“This is a significant milestone not only for NuScale, but also for the entire US nuclear sector and the other advanced nuclear technologies that will follow. This clearly establishes the leadership of NuScale and the US in the race to bring SMRs to market,” said NuScale Chairman and CEO John Hopkins. He also credited strong bipartisan support from US Congress for the project, which received cost-shared federal funding as it advanced through the NRC Design Certification process.

NuScale said it had spent over USD500 million, with the backing of its majority investor Fluor, and over 2 million labour hours to develop the information needed to prepare its design certification application. The company also submitted 14 separate Topical Reports in addition to the application – itself over 12,000 pages long – and provided more than 2 million pages of supporting information for NRC audits.

The NuScale design uses passive processes such as convection and gravity in its operating systems and safety features to produce about 600 MW of electricity. Twelve modules, each producing 50 MW, are submerged in a safety-related pool built below ground level. The NRC has concluded the design’s passive features “will ensure the nuclear power plant would shut down safely and remain safe under emergency conditions, if necessary”, it said. NuScale has also indicated to NRC it will apply for standard design approval of a version using 60 MW modules, the regulator said. This would require additional NRC review.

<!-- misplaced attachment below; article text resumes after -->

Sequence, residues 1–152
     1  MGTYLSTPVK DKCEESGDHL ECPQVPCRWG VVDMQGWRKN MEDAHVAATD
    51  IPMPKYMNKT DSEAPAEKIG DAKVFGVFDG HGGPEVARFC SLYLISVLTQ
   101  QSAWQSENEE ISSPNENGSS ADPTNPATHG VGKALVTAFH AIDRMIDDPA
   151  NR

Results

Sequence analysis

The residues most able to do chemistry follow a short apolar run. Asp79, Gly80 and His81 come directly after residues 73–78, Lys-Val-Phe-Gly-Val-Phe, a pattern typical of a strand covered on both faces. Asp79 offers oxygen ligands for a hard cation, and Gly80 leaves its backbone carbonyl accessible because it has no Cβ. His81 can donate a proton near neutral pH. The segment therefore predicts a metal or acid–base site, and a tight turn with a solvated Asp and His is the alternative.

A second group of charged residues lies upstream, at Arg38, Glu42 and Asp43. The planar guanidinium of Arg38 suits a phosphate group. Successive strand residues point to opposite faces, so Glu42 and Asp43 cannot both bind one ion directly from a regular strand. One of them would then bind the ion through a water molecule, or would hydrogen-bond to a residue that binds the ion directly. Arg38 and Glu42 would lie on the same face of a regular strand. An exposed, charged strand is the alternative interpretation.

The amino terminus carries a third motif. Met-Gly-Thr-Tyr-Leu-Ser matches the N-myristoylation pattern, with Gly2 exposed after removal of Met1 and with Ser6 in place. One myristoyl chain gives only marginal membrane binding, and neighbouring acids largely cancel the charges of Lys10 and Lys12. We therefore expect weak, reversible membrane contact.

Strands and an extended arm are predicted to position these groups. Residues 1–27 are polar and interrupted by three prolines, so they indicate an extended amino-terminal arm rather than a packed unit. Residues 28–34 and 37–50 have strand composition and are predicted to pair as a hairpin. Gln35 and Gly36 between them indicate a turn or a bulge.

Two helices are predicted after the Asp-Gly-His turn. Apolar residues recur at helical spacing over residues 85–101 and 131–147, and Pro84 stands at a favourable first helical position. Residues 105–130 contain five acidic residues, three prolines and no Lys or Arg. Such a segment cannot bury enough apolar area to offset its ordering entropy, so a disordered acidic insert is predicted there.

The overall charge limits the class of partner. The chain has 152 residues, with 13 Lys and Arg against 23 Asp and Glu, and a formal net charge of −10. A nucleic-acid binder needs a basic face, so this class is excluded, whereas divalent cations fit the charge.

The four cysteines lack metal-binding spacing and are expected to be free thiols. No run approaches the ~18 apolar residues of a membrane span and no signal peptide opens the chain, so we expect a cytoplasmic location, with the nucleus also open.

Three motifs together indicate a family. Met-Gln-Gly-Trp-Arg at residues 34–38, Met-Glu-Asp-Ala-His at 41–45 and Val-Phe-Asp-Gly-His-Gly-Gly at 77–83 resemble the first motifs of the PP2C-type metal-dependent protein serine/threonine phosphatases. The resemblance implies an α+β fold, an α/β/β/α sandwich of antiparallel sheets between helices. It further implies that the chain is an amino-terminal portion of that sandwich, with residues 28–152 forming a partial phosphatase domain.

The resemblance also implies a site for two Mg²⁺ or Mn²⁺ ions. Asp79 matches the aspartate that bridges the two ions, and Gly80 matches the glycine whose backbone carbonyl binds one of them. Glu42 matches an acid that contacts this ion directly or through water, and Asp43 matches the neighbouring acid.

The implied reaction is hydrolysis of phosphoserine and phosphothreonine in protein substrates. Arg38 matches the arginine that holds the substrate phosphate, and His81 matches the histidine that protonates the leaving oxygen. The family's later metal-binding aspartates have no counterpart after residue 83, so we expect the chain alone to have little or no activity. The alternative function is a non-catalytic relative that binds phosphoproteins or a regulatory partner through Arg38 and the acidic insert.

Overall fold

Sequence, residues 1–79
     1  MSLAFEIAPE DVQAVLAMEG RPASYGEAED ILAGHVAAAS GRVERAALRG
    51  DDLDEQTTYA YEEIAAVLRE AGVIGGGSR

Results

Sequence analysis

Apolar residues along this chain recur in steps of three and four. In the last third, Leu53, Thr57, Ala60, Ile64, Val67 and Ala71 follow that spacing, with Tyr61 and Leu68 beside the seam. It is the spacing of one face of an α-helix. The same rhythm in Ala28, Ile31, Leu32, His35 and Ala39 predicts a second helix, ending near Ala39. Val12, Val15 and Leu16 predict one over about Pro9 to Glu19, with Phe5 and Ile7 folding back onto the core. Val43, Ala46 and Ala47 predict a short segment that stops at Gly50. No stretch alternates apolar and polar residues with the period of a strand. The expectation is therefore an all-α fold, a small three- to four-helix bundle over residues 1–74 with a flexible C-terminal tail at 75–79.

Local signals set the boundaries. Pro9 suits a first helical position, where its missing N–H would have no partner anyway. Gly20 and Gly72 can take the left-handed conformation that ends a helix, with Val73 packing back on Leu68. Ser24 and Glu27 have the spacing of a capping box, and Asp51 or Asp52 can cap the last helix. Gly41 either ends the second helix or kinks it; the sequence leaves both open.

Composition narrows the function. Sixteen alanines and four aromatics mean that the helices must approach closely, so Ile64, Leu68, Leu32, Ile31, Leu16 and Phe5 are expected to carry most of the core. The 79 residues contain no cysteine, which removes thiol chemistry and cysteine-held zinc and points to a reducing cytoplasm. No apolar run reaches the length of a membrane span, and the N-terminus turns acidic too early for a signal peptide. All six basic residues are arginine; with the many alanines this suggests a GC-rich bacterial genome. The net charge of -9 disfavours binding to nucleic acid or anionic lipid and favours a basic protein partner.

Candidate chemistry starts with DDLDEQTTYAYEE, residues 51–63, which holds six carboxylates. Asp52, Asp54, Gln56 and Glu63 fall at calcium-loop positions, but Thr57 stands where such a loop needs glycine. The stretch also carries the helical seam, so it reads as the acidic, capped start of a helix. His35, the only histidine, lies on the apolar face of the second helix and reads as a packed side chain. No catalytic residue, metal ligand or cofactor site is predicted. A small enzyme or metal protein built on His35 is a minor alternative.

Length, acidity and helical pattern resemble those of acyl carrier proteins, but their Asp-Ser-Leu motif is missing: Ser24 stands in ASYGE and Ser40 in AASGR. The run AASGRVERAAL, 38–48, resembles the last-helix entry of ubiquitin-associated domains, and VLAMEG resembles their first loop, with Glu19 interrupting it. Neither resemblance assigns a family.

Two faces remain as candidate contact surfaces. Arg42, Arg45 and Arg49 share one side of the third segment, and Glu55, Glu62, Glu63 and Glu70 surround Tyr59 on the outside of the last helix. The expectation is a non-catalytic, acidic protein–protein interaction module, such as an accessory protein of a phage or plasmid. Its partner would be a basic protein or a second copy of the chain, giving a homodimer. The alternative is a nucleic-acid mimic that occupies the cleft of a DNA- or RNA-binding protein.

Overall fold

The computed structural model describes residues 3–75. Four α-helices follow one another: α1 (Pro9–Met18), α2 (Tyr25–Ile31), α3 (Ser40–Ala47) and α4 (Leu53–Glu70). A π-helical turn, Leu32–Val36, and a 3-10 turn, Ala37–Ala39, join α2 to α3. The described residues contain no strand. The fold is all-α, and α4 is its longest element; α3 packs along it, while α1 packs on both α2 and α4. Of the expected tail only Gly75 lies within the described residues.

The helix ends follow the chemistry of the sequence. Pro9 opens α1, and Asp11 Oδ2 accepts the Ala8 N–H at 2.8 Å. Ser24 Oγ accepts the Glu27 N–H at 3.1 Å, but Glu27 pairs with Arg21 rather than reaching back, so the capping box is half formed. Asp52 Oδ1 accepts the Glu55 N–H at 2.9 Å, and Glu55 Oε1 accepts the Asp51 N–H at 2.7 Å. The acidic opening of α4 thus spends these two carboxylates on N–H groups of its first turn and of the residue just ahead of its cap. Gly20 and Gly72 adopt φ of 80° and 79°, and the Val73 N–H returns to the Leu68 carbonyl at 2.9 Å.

Continuer la lecture de NuScale SMR receives US design certification approval

Mining For Green-Energy Materials Threatens Biodiversity, Study Shows

by O. Rudgard, September 3, 2020 in ClimateChaneDispatch


Mining for renewable energy materials could threaten biodiversity, researchers have found.

Scientists at the University of Queensland, Brisbane found a high degree of overlap between areas used for mining essential minerals like lithium, which is used for car batteries, and areas with high levels of biodiversity as yet untouched by industry.